Robin Myte, PhD student in Oncology with a Master’s of Science in Statistics degree from Umeå University
Which year did you graduate with a Master's of Science in Statistics from Umeå University?
What do you do now?
I am a PhD student in Oncology, at the Faculty of Medicine, Umeå university, where I conduct epidemiological research of colon cancer. A big part of the research means analysing data on biomarkers and lifestyle-related factors and how these relates to cancer. I got in contact with the research group when I wrote my master thesis in Statistics. It is meaningful, very fun, and varied work. At the Faculty of medicine, there is a shortage of knowledge and skills in statistics, which means that I get involved doing data analysis in lots of different research project besides my own. Thus, I never get bored.
Which knowledge or skill that you acquired during the master courses do think you have been most useful for you?
I work in an environment where most co-workers do not have a background in statistics. Therefore, I have had most use of my capability to choosing the best statistical method to answer a particular question from data and then to communicate the results in a way that people understand. Also, all training in linear models and the fact that R was used throughout all course have also helped.
Tell us about the master courses you took? Which did you find most interesting?
I think that the mix of courses, from theoretical to applied courses, was well balanced. For example, Probability theory 2 was very theoretical, but extremely useful, since you really learned the fundamental theory behind commonly used statistical methods. On the other side of the spectrum were courses such as Multivariate data analysis, focusing on application of methods on real data and dissemination of results for audiences without statistical background.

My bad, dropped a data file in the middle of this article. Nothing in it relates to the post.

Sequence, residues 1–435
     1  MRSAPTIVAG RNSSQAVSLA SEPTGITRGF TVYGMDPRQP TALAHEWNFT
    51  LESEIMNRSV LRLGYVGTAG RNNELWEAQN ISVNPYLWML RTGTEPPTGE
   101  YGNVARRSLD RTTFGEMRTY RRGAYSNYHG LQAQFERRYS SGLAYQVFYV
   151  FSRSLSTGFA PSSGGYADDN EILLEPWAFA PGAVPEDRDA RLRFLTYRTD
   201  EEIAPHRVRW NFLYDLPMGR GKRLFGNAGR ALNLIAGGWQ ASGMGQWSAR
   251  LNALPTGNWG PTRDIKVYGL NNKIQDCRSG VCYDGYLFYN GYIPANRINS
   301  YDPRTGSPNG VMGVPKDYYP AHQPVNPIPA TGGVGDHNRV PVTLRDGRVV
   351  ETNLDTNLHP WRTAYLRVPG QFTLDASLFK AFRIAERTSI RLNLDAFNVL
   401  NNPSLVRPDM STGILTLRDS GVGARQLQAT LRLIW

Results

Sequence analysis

What was the best with your studies in Statistics and Mathematical Statistics at Umeå University?
It was a great crowd, who studied at advanced level in Statistics and Mathematical Statistics, so we always had fun doing group assignments and labs. The possibility for external collaborations during the degree work (master thesis) was good.
What was most difficult with your studies in Statistics and Mathematical Statistics at Umeå University?
In one way, it was good to take two parallel (part-time) courses, since it felt as if you got more time to understand stuff when the courses ran over 10 weeks instead of 5. But, it was kind of stressful to have two exams the same week.
How did the contact with the teachers work?
Very well. The teachers built a good atmosphere where you dare to be wrong and to try new thoughts. They were easy to get in touch with when you had questions or needed help.
What part of the student life in Umeå did you enjoy most?
The best with Umeå as a city is that it is a medium-sized young city, so everything is close – (you can go or bike everywhere) but at the same time it is big enough for there to be lots of things to do. I myself like to work out at IKSU, the massive sports complex on campus with gym, swimming pool, climbing wall, beach volley court, martial arts hall etc., or just to have a beer down town. Then, the winter and the northern lights are cosy too.
How did you find housing in Umeå?
Via Bostaden, the public rental company in Umeå. I shared a three-room apartment at Ålidhem, with an acquaintance, who had a better queue position than I did.
Do you have any advice to students thinking about coming here to study?
Keep in touch with your fellow students! You will probably engage and specialize in different fields after the studies. It is very practical to have friends with different expertise just an email away. Also, it is fun to see where people end up!